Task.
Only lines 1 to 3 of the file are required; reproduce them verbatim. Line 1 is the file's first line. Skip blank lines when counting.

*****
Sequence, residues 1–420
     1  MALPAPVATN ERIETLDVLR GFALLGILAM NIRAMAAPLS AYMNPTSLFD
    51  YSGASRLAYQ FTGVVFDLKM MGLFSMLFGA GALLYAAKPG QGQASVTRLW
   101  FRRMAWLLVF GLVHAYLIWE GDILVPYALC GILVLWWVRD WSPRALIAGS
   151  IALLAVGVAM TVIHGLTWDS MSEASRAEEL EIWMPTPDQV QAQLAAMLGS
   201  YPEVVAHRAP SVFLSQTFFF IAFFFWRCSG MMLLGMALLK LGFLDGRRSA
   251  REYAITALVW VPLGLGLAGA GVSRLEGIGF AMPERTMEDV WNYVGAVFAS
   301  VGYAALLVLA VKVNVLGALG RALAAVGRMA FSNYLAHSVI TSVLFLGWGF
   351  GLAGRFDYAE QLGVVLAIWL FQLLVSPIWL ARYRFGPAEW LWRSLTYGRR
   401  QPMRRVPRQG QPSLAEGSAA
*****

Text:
Sequence, residues 1–420
     1  MALPAPVATN ERIETLDVLR GFALLGILAM NIRAMAAPLS AYMNPTSLFD
    51  YSGASRLAYQ FTGVVFDLKM MGLFSMLFGA GALLYAAKPG QGQASVTRLW